To find out how else you can protect your body from premature ageing sign up for:

1 Day: Age Well Detox and Fitness: 8th October 2017:  1- day retreat in the very beautiful Ashton Court Mansion. 10.30-4. £85. How to clean up your diet, bring in some functional exercise & make changes to support yourself through the ageing process (includes light lunch, exercise and nutrition talks). To book email: caroline@bristolhealthandnutrition.com

28 Day: Age-Well, Detox Programme for Women: Tuesdays, November 2017: 7.00-9.00pm: £145. (The Studio. Cotham, Bristol). Come together as a group of women to learn the secrets of healthy ageing and be supported to make dietary and lifestyle changes.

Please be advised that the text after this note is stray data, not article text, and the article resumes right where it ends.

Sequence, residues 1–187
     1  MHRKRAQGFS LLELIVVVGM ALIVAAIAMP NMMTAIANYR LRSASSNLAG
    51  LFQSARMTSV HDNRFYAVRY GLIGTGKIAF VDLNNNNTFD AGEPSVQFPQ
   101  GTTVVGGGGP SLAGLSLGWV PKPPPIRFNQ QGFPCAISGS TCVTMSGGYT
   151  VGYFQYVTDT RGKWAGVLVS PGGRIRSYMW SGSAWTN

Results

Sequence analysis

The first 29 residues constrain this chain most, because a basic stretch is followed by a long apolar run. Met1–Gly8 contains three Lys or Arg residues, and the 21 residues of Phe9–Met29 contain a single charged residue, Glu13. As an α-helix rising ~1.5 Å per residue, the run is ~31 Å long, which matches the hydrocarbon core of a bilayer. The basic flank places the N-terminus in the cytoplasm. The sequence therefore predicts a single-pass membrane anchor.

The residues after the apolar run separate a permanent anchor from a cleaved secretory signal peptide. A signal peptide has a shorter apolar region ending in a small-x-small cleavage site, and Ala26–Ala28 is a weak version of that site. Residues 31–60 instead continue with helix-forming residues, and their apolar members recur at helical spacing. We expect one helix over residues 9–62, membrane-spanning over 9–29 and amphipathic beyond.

Join us every Tuesday throughout November for information about what foods to try and reduce/cut out (e.g. gluten, sugar and more), what foods to add in and find inspiration for new ways of cooking and eating, support for age-related challenges such as menopause and cognitive decline and meditation.  Book here

Price: £145 for 8 hours of nutritional support that would normally cost £310 in a one to one setting. Early Bird: Book by September 30th and pay only £125. Book here

FFI or a 15-minute free consultation phone 0117 9425824 or email caroline@bristolhealthandnutrition.com.

And/or join me for an intro talk at the College of Naturopathic Medicine’s Open Day

Saturday 30th September 2017 10:00am – 5:30pm

https://www.eventbrite.co.uk/e/cnm-bristol-open-day-saturday-30th-september-2017-registration-35561538519

Caroline PringleBiography: